I recently completed a European speaking tour discussing transhumanism, a social movement whose primary goal is to live as long as possible through science.
Ironically, I’ll probably remember the month-long tour most for a specific 60 seconds—when I almost choked to death on thick, leathery bread in a German restaurant. This may be surprising, but the fourth-leading cause of unintentional death in America is asphyxiation from choking on food, according to the National Safety Council.
In fact, a few years ago, a high school friend of mine who was a talented athlete died when meat became lodged in his windpipe. In total, approximately 2,500 Americans perish every year from choking on food.
Most people never worry about the mechanics of how food travels from the mouth to the stomach—many of us have eaten tens of thousands of times without serious incident. But in today’s modern society, with a range of new types of foods and textures, and the fact many of us are always in a rush (like I was constantly on my speaking tour), people should consider choking dangers far more. People should also know that they can choke on a wide variety of foods that accidentally get stuck in the trachea instead of going down the esophagus.
I never imagined I could choke on bread. However, European bread is different than American bread. It’s much thicker, and when mixed with chewing and the mouth’s saliva, it can become dough-like. I was sitting and talking with my family in a small restaurant in Wolfsburg, Germany, unconsciously eating thick-crusted bread before the meal arrived, when seconds later the contents in my mouth after a swallow had accidentally lodged in the entrance of my windpipe.
To compensate, I stood up and tried to take a big breath, but this only lodged it in further. It was then I knew I was in trouble, and now couldn’t breathe at all. It happened so quick that my wife, sitting right across the table, didn’t even realize I was choking.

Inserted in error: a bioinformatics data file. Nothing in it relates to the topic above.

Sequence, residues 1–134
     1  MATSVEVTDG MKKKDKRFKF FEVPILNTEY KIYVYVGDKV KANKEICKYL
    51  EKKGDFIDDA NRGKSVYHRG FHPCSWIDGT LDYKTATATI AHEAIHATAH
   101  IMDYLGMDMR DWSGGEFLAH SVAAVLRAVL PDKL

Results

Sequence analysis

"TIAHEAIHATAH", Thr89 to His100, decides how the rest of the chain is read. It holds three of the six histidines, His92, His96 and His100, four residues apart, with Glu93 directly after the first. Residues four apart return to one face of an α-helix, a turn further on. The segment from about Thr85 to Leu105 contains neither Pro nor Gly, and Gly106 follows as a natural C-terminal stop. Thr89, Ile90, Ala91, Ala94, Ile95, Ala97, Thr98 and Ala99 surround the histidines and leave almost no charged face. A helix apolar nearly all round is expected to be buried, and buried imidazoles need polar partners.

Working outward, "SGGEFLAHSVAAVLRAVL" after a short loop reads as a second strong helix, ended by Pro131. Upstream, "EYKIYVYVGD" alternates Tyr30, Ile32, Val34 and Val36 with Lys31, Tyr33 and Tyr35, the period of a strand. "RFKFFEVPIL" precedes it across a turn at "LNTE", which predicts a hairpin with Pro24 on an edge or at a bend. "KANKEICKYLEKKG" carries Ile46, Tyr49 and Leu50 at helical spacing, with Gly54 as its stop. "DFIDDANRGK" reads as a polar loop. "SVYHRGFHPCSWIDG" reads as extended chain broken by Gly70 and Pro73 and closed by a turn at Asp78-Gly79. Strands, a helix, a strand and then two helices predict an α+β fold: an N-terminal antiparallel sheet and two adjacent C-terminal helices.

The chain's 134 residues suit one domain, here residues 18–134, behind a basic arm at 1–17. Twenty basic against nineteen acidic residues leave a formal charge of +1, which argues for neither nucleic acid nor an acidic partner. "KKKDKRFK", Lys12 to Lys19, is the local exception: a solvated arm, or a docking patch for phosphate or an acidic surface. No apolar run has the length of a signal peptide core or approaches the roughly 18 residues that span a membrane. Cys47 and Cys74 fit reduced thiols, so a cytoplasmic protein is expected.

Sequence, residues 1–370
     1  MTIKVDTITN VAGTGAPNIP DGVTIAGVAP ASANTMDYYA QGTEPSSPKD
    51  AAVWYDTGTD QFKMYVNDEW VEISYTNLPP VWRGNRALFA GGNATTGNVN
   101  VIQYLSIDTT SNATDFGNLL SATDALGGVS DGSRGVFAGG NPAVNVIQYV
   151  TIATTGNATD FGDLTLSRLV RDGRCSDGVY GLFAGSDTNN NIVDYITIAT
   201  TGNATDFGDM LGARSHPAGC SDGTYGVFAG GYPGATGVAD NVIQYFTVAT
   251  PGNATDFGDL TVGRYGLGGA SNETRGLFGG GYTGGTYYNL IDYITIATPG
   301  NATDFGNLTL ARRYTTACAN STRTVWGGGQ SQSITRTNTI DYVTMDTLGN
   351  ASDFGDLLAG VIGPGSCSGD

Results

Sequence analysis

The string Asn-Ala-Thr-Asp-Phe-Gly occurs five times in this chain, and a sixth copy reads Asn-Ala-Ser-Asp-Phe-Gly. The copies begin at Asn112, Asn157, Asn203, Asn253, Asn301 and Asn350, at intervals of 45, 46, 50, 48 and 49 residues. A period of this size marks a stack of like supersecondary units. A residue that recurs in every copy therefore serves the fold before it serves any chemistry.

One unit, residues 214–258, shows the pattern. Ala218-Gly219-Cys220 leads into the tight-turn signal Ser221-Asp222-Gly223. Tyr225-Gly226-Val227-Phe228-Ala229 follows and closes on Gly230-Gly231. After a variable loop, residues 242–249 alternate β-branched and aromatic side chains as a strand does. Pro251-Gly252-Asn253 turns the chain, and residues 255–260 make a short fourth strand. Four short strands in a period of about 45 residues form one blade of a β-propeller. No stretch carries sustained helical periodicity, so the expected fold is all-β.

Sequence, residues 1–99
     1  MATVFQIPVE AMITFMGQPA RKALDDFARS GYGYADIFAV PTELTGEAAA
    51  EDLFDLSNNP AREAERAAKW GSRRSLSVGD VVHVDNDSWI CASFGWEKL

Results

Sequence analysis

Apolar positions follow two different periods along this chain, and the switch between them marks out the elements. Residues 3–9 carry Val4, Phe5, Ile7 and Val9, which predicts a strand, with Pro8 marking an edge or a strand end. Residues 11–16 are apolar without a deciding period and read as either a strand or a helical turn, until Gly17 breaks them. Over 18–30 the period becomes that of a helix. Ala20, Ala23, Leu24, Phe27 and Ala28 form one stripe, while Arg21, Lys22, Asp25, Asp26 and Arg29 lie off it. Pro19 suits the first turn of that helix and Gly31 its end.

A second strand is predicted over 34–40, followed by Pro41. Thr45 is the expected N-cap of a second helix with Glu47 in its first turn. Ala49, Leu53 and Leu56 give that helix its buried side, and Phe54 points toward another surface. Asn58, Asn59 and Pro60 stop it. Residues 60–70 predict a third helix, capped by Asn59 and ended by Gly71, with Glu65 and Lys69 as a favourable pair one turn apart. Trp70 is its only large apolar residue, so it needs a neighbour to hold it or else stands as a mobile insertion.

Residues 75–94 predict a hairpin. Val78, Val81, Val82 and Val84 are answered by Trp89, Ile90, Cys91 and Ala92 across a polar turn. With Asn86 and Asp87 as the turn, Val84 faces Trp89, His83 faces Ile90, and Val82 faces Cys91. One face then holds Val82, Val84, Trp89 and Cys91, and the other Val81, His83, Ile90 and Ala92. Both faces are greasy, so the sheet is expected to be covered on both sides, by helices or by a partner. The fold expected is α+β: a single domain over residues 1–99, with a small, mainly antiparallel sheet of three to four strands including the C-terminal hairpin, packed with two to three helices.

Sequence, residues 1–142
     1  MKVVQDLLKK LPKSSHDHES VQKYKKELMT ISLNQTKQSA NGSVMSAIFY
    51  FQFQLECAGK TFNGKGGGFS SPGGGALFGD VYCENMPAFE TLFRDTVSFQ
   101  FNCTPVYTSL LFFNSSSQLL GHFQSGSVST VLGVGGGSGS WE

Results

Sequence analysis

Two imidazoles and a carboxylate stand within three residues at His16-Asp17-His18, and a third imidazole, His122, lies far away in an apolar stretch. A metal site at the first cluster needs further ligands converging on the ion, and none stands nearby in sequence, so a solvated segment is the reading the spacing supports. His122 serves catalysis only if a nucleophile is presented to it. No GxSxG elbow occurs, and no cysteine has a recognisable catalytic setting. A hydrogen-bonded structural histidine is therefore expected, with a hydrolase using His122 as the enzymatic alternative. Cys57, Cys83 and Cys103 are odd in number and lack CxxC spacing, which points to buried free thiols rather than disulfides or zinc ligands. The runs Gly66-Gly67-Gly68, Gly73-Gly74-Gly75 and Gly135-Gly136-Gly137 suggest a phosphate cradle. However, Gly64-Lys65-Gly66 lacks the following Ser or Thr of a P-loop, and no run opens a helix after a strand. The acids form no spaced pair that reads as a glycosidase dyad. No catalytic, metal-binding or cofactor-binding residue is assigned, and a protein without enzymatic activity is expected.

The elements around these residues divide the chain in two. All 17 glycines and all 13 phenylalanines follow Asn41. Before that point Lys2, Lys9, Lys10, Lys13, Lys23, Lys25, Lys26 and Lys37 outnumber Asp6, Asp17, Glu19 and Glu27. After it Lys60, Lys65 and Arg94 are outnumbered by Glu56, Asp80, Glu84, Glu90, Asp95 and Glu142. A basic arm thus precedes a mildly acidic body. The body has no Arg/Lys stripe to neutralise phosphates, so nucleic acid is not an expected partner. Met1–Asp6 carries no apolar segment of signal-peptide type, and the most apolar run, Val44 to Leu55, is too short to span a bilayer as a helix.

Generally, when people choke, the Heimlich maneuver should be performed on them immediately. This maneuver is when you wrap your arms around someone from behind them, and quickly, powerfully lift up on their uppermost stomach, trying to force stuck food to come out of them.
But smaller people have a difficult time doing this on larger people. I’m 200 pounds and over 6 feet tall, and it requires serious strength to do the Heimlich maneuver properly on me. This ultimately means my physician wife, who is a third smaller than me, may not be able to help me from choking on food with the maneuver, even if she knows it well. She simply doesn’t have the size or strength.
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In my case, I was lucky that I was able to dislodge the bread from my trachea myself by standing up, jumping, and performing a version of the Heimlich maneuver on myself. But for about a minute I panicked as I simply couldn’t get air into my body, and I was threatened with losing consciousness from doughy bread stuck just perfectly right in the wrong pipe.
People often die from choking on food because it takes so long to get oxygen back in their system. Sometimes, after passing out, choking victims must get a time-consuming ride to the hospital and even get a surgical procedure to dislodge edible objects. First-responding paramedics can’t necessarily dislodge the food themselves even with emergency breathing tubes, and so it often has to be done in the emergency room by doctors.
Even in a major city near medical services, this process can take 15, or even 30, minutes before air finally makes its way back into one’s body. It’s quite easy to die within that period. And even if someone is brought back to consciousness, choking victims may have suffered permanent and debilitating damage from lack of oxygen to organs, including severe brain damage.
Here are three simple rules for avoiding one of America’s leading killers. First: Don’t underestimate the dangers of eating, and always chew your food well. Get used to taking smaller bites and making smaller swallows as a lifetime habit.
Two: Many types of foods can cause you to choke—it’s not just meat. Don’t be fooled by foods you think are safe, like bread, carrots, and peanut butter.
Three: Know and occasionally practice the Heimlich maneuver so you can help others and even yourself in an emergency.